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Metal lathe to wood lathe?

krhoover

Aluminum
Joined
Apr 30, 2020
Location
Venango county NW Pa
I have this small lathe that we discussed on another on this site. It was determined that it may be an armature lathe or some other specialty type lathe. It doesn’t have any graduation marks on the cross feed or tailstock. So I’m wondering about making a hobby wood lathe out of it. i know some modifications will need to b made to cross-slide area and either a headstock drive will need to be fabricated or purchased. Am I missing anything or am I wrong think it would work?
 

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The "metal" here never complained about wood stuff like this fixture for a brake backing plate
 

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Plain bearing lathe so the RPMs will be limited. Keep an eye on bearing temperature. Should still make an OK wood lathe, though probably not as good as one designed for the purpose. FWIW, my Logan metal lathe actually came out of a wood shop. Took me a long time to get all the saw dust out.
 
What are the bearing surfaces - cast iron, bronze, babbet? With good lubrication you should have no trouble getting wood turning speeds. As to what those might be, obviously turning spindles will require much higher speeds than bowls. But early 20th century wood lathes had plain bearings, so it's clearly doable.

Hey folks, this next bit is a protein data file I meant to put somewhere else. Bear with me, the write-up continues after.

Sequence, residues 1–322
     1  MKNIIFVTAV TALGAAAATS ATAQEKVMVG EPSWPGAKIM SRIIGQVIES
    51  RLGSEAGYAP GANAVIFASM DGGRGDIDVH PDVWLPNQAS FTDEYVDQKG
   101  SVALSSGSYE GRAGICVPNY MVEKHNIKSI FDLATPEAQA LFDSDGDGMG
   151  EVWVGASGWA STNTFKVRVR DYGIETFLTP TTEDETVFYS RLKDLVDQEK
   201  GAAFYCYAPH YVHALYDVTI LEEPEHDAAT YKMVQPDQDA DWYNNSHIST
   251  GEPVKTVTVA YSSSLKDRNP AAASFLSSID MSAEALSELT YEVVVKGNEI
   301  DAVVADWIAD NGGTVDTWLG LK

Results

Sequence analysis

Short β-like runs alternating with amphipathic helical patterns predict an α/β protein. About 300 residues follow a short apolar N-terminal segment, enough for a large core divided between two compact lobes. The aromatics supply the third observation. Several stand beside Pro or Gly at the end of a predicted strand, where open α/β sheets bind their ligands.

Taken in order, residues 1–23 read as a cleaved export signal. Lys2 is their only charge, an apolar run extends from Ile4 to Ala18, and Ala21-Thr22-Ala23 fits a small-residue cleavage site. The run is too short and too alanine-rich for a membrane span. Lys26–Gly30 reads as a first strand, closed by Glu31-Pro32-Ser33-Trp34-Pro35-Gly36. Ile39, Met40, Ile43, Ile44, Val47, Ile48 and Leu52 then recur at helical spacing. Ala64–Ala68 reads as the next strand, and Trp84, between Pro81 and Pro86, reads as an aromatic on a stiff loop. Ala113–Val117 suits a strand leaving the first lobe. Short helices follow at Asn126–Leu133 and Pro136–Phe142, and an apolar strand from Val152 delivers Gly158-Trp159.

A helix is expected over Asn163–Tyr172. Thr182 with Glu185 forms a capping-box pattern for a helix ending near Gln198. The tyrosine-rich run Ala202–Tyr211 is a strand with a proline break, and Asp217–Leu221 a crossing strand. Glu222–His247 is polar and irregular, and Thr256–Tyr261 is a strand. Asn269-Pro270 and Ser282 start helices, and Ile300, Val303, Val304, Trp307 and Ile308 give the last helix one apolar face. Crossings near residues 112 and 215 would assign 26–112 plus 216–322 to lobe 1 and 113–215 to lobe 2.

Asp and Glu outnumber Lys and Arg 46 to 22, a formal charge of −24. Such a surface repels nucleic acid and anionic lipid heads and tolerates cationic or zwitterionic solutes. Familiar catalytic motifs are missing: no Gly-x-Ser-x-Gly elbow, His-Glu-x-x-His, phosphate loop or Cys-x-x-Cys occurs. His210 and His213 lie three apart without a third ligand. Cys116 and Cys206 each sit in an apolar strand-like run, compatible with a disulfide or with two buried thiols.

I use my South Bend 9" bench lathe for wood, works just fine. Cast iron bearings, max speed 1200 rpm. I made a tool rest to be held in the lantern toolpost, but you'll be happier if you can fit a banjo, as is used with wood lathes.
 
My wood lathe has a max rpm of 2200. I never go that high. Maybe like 1400 rpm if I am polishing something.
The lathe in the pics needs a custom stand.
 
I have some gouges that my dad had made out of files for me in the tool room where he worked at 50 yrs or so ago. will probably machine some type of tool rest.
I did a lot of hollow vessel turning with Robert Sorby tools. They decorate the living room now. Natural edge bowls and plates too.
 
How about some pix?
I did suggest that flat tool post if the OP wanted to do freehand work. But sometimes in wood a cranked out part is a lot better.
The only thing is that wood dust soaks up oil and the ways and whatever else should be cleaned often.
DSC_1542.JPGDSC_1546.JPGDSC_1545.JPGDSC_1544.JPGDSC_1543.JPG

The long tool is just one of the tools I can use. The system allows you to change the handle or cutting bar.
I tried to locate the stuff I have but didn't find anything similar.


This is the guide used to hollow out the inside wood. I like a wall thickness of 3/16" to 4/16". The wood is turned and hollowed out
when wet and then dries quickly. If the base is not stable there are ways to turn it flat.
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A stash of tools.
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Anyone who makes a living at wood turning deserves a little respect.
It's easy to take 8-12 hours to make a shape. The pro does it in 45 minutes.
 








 
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